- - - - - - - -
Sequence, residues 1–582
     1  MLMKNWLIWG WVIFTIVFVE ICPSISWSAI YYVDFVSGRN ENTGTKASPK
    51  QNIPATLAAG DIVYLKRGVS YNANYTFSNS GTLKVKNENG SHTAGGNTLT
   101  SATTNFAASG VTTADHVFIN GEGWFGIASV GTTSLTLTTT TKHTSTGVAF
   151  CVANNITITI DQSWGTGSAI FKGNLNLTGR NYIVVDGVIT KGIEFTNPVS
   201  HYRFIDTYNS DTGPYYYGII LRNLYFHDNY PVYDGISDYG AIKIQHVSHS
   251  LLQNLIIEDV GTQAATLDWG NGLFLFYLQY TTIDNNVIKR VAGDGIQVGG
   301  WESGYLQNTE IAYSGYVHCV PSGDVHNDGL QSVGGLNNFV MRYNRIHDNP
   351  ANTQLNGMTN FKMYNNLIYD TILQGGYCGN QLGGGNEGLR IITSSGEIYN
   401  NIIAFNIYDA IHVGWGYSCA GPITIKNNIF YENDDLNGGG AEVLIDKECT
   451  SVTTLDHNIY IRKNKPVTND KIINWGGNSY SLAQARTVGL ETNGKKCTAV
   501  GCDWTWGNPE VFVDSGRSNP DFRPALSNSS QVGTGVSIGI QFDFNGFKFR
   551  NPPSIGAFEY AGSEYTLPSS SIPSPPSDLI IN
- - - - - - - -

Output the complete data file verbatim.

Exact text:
Sequence, residues 1–582
     1  MLMKNWLIWG WVIFTIVFVE ICPSISWSAI YYVDFVSGRN ENTGTKASPK
    51  QNIPATLAAG DIVYLKRGVS YNANYTFSNS GTLKVKNENG SHTAGGNTLT
   101  SATTNFAASG VTTADHVFIN GEGWFGIASV GTTSLTLTTT TKHTSTGVAF
   151  CVANNITITI DQSWGTGSAI FKGNLNLTGR NYIVVDGVIT KGIEFTNPVS
   201  HYRFIDTYNS DTGPYYYGII LRNLYFHDNY PVYDGISDYG AIKIQHVSHS
   251  LLQNLIIEDV GTQAATLDWG NGLFLFYLQY TTIDNNVIKR VAGDGIQVGG
   301  WESGYLQNTE IAYSGYVHCV PSGDVHNDGL QSVGGLNNFV MRYNRIHDNP
   351  ANTQLNGMTN FKMYNNLIYD TILQGGYCGN QLGGGNEGLR IITSSGEIYN
   401  NIIAFNIYDA IHVGWGYSCA GPITIKNNIF YENDDLNGGG AEVLIDKECT
   451  SVTTLDHNIY IRKNKPVTND KIINWGGNSY SLAQARTVGL ETNGKKCTAV
   501  GCDWTWGNPE VFVDSGRSNP DFRPALSNSS QVGTGVSIGI QFDFNGFKFR
   551  NPPSIGAFEY AGSEYTLPSS SIPSPPSDLI IN